Do you know what to do if there’s a construction accident on your project? Does your crew know what to do if there’s an accident?
It’s terrible when there’s an accident on a construction project, especially if someone is seriously injured. None of us really wants to think about an accident so often we and our crew are unprepared when an accident strikes. Yet being prepared for the worst, and having our crew prepared for an accident may just be the difference between life and death for someone.
Construction is an inherently dangerous occupation and regrettably, accidents regularly occur on construction projects and they strike unexpectedly, even on safe and well-managed projects.
Often time is of the essence when there’s an accident. Emergency services must be contacted and they must have directions to get to the scene of the accident as quickly as possible.
What to do when a construction accident happens
1. Contact emergency services
Does everyone on your construction project know who to contact in the event of an accident? Some projects are spread over large distances – can crews contact emergency services in the case of a construction accident? Sometimes small crews are left after hours to finish off work – will they be able to call for assistance if there’s an accident? Work crews must have access to a working telephone or radio. Note that some projects in the country, particularly in hilly areas, may have parts of the project without mobile telephone reception so always ensure that workers can communicate in the event of an emergency.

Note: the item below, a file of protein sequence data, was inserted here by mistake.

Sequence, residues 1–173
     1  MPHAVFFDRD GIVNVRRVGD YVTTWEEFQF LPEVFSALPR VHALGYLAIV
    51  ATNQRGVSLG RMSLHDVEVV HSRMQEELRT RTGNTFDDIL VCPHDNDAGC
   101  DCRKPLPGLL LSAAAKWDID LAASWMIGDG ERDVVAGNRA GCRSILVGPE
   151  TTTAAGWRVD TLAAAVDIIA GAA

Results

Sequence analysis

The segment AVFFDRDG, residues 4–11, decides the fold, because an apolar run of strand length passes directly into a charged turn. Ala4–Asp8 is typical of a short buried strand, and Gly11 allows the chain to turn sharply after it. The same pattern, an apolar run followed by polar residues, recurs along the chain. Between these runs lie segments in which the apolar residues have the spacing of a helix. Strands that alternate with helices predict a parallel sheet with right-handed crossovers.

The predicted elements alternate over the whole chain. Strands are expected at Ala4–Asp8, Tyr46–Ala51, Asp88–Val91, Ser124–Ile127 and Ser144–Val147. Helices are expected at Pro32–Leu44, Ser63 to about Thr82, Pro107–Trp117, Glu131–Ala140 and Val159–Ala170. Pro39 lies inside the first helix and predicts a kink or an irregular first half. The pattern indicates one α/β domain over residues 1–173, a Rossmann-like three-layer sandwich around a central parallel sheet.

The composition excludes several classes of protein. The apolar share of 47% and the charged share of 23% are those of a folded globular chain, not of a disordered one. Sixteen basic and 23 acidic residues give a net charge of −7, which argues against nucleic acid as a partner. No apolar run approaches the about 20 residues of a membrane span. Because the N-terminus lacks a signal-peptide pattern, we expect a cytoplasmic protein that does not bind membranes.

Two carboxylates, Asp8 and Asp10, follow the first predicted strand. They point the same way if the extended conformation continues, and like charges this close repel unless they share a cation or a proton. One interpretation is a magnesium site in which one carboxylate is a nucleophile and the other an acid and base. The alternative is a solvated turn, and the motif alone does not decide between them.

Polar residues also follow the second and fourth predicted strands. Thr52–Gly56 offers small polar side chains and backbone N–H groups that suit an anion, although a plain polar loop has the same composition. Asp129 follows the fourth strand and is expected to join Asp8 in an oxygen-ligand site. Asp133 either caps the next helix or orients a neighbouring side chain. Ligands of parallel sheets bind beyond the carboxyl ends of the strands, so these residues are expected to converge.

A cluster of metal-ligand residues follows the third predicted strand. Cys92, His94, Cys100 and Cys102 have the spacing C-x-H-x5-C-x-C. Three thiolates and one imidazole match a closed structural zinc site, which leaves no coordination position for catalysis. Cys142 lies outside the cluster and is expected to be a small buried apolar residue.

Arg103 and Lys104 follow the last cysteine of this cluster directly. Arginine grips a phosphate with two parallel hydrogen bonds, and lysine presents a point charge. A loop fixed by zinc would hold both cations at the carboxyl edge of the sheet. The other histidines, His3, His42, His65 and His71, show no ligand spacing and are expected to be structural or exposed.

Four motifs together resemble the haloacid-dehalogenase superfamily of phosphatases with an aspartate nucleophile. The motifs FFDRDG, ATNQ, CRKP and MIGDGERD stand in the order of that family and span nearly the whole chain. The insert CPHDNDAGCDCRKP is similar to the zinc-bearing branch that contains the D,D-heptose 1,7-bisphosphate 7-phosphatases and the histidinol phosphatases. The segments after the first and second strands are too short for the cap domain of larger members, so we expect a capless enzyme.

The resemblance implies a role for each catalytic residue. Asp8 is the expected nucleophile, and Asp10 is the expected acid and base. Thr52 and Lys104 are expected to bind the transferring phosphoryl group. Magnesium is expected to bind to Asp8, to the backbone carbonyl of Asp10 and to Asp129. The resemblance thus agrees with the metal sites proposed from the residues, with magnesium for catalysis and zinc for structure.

Providing every worker with a safety card of emergency numbers, including the contact details for company managers, which they keep in a wallet or pocket will mean that emergency numbers are always close at hand. Add the project address to the card so the person can immediately tell emergency services where they are. Even have new project workers input these numbers into their cell phone (mobile phone) during their inductions.
2. First-aid facilities
Fully equipped first-aid kits must be available at key points on the project. These locations should be clearly signed so they can be found in an emergency. Unfortunately frequently items are removed from first-aid kits and they aren’t replenished, so the temptation is to lock the kits away. However, it’s vital that first-aid kits are easily accessible in an emergency, even after hours. It won’t help if the first-aid kit is in an office on the ground and the crew is working on the fifteenth floor of a high-rise building, or the kit is in a vehicle that has left the project on an errand.
Of course, it would be terrible to open a first-aid kit in an emergency to find that it is incomplete and critical items you require aren’t there. It’s therefore important that first-aid kits have a list of their contents. The kit must be regularly checked and missing items replaced.
Some products have expiry dates and these should be checked and expired products replaced. Preferably there should be a first-aid register to record treatments given and the products used. This register could be key to tracing treatments provided should the treated person’s condition deteriorate. It also serves as a way to track what products have been issued from the kit.
There should be at least one trained first-aider on all projects and preferably only they should draw items from the first-aid kit. The work crew should never be allowed to take items from the first-aid kit unsupervised unless it’s an emergency. Anyway, all items removed should be recorded.